The Brilliant Playwrights Behind inspiraTO Creations Festival

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inspiraTO Creations Festival 2023 presents 6 amazing short plays, by talented Canadian playwrights. In this article meet each of the playwrights. With their unique voices and creative visions, these playwrights have crafted narratives that will transport you to different realms, challenge your perspectives, and stir your emotions. In this exclusive feature, we bring you firsthand insights from the playwrights themselves, as they share their thoughts on the driving forces behind their work. Get ready to explore the depths of their imaginations. Discover the stories that have been shaped by their personal experiences, societal observations, and the universal themes that resonate with us all. Join us on this enlightening journey as we learn more about the plays and the inspirations that have fuelled their creation. 

inspiraTO Creations Festival is produced in collaboration with Crane Creations Theatre Company and Theatre InspiraTO. The Festival is held on July 8 – 9 2023 at Maja Prentice Theatre in Mississauga. Tickets on sale.

Meet The Playwrights

Shabana Zorah-Ahmad

Shabana was born in England, Great Britain and is of South Asian descent. Her parents were born on British India soil (a country that was later divided into two countries India and Pakistan in 1947 after the British exited). She grew up in the duality of both a western and eastern cultures. This created a divide within her own identity and is demonstrated within all her creative work.

 

About Shabana’s Play Not Fit For A Donkey

Two sisters and one wedding. Junakhi, the older, awkward and unappreciated sister is having an arranged marriage to Kurun, a groom she’s barely met but come the wedding day she begins having doubts about whether she should be getting married.  Panya, the younger, glamourous and much loved sister remains on Junakhi’s heels to ensure she gets married.  When the groom comes riding in on a donkey both sisters are pushed to take decisions, they would rather not make lest they suffer the fate of being left not even fit for a donkey for shaming the family if Junakhi refuses to go through with the wedding. Will the wedding happen or not happen? And what price will each sister have to pay for not riding the donkey or riding the donkey? 

The Playwright Speaks About The Play

“The play is about two sisters born and raised in Toronto, Canada with parents who have migrated from India.  The play looks at two generations with two cultures. The parents represent the traditional cultural value of arranged marriages in India. The two daughters raised in Canada, having the knowledge that they have the freedom to choose a spouse in Canada thereby creating a divided identity.”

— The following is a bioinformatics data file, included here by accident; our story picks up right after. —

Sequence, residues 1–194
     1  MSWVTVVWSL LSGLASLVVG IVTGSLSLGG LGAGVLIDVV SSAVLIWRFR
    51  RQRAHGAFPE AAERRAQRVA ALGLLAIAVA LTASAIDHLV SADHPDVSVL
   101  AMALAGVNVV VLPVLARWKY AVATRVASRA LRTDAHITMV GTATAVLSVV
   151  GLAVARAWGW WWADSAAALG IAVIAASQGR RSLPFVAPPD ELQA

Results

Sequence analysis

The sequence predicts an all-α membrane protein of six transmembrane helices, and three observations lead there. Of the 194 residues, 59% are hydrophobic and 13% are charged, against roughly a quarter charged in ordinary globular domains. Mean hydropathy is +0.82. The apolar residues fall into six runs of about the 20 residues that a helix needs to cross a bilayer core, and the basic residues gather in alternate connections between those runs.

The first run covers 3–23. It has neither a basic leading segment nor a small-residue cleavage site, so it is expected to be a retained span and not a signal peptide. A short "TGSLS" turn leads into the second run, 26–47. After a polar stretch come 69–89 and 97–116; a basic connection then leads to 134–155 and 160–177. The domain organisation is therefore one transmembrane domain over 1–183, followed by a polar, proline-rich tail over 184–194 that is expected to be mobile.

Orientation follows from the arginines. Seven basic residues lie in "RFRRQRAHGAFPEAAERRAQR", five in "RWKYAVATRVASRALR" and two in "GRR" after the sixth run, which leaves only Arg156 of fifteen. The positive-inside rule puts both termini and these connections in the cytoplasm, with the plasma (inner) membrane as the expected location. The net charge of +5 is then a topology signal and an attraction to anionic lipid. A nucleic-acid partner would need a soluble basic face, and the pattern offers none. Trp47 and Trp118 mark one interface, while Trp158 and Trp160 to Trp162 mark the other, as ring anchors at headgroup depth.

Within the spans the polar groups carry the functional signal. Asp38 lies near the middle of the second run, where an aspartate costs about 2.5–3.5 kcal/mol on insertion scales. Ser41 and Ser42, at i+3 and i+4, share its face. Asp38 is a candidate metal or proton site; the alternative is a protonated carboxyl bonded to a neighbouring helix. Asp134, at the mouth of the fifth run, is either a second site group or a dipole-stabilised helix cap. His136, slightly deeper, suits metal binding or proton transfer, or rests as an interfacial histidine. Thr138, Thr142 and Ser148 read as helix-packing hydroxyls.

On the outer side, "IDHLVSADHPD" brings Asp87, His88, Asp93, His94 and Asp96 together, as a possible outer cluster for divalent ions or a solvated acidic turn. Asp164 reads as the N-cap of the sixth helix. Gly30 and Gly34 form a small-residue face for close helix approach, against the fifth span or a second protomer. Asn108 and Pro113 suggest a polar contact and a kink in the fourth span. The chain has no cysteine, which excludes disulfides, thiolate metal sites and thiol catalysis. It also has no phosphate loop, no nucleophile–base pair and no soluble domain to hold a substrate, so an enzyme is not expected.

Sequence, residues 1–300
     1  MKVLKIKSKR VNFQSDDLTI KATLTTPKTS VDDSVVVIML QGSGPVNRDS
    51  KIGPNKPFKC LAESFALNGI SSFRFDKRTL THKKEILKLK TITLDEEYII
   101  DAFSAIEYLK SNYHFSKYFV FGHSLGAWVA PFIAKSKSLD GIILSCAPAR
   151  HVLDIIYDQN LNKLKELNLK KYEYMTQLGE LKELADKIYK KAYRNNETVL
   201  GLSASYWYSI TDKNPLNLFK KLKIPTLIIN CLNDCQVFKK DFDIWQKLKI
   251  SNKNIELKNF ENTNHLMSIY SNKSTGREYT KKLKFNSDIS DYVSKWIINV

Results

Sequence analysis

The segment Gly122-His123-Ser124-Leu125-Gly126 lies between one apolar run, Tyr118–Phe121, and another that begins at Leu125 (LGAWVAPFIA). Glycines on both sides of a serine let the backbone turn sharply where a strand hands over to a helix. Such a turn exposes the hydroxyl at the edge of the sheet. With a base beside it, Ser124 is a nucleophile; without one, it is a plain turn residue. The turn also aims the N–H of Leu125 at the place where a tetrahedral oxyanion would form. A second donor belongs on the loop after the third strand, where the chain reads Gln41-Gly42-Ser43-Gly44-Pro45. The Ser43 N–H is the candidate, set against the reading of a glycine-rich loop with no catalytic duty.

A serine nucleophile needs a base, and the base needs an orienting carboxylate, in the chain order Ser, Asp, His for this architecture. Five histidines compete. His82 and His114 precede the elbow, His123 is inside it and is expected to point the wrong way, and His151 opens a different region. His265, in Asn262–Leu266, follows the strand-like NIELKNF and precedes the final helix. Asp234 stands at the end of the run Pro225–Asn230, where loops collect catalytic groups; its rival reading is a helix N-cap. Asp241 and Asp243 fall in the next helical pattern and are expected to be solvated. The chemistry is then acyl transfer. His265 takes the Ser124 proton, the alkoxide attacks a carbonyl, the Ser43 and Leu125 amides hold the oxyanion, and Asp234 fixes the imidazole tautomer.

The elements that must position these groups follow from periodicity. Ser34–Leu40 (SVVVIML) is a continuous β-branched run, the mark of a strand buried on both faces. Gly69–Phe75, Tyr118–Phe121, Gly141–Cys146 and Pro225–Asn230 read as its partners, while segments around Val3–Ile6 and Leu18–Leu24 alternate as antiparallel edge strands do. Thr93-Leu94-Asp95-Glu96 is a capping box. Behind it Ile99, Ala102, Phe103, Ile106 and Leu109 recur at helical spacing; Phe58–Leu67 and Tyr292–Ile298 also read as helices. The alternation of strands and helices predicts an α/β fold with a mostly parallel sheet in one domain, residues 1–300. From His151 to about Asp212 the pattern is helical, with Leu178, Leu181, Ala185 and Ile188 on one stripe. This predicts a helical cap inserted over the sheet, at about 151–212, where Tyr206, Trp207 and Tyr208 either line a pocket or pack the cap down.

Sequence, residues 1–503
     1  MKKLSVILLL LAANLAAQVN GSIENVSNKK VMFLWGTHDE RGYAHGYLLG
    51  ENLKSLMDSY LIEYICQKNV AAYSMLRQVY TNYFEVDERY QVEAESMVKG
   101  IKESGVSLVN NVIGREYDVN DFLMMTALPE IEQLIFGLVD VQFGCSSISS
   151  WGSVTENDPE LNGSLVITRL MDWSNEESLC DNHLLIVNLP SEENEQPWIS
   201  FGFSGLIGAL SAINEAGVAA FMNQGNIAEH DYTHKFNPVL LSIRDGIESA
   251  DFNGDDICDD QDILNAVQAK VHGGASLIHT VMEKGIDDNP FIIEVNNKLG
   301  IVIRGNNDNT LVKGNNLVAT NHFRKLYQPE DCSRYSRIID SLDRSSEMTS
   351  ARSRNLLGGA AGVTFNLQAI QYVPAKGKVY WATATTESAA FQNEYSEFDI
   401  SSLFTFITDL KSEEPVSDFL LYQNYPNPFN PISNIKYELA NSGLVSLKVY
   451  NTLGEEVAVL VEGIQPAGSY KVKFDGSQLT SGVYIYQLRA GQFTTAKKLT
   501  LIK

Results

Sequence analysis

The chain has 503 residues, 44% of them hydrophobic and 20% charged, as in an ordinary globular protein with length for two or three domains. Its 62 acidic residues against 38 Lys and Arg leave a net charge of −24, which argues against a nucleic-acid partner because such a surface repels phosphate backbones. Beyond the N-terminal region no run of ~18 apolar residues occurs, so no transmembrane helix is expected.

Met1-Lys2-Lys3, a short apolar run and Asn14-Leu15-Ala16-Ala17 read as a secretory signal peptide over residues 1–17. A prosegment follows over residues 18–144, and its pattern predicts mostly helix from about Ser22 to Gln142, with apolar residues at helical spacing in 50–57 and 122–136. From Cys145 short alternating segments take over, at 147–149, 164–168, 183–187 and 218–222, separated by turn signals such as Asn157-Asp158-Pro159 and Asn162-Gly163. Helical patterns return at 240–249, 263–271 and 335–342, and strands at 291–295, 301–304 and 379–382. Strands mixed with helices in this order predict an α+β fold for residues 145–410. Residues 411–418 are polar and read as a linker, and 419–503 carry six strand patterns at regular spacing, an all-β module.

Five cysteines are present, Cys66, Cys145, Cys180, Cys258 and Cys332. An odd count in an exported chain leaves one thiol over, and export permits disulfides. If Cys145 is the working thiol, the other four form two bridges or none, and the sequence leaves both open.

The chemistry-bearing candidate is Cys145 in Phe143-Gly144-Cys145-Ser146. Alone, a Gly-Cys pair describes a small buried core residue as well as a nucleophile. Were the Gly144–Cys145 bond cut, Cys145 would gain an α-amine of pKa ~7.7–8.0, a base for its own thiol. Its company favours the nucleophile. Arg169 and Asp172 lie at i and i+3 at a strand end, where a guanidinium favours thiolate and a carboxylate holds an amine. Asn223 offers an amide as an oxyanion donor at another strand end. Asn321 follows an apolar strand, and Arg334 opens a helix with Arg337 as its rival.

“Although the two sisters are very different their understanding of the consequences of not complying with the family’s expectations and their parents’ cultural values is all too clear. Even when it appears the younger sister Panya is aligned with Western values when alluding to Shakespeare, Kim Kardashian or wearing Jimmy Choos she still falls under the spell of the beautiful traditional Chunni – which is more meaningful to her than the man she herself will one day marry “hubby whatever” – he has no meaning for her as he will not be her choice of spouse.” 

“When Junakhi, the older sister doubts whether she should get married, she packs her suitcase to leave for LA. However, she forgets her passport. We question whether her intention to leave is credible or whether she is fooling herself believing that she some power in the situation that has been arranged for her.”

“Despite the differences between the two sisters, they must resolve the situation so the wedding happens.  Junakhi does in the end go ahead with the wedding. She gets a little of her own way by not having to ride a donkey – but then her younger sister Panya has to pay the price in agreeing to ride the donkey and give up her beloved Jimmy Choos, (essentially giving up the little power she has), so Junakhi can get a little of her power back by riding in a limo.  Both sisters are caught in a circumstance controlled by a common external factor of cultural compliance and the severe consequences of social ostracization and possible violent repercussions towards them by their own family should they fail to comply.”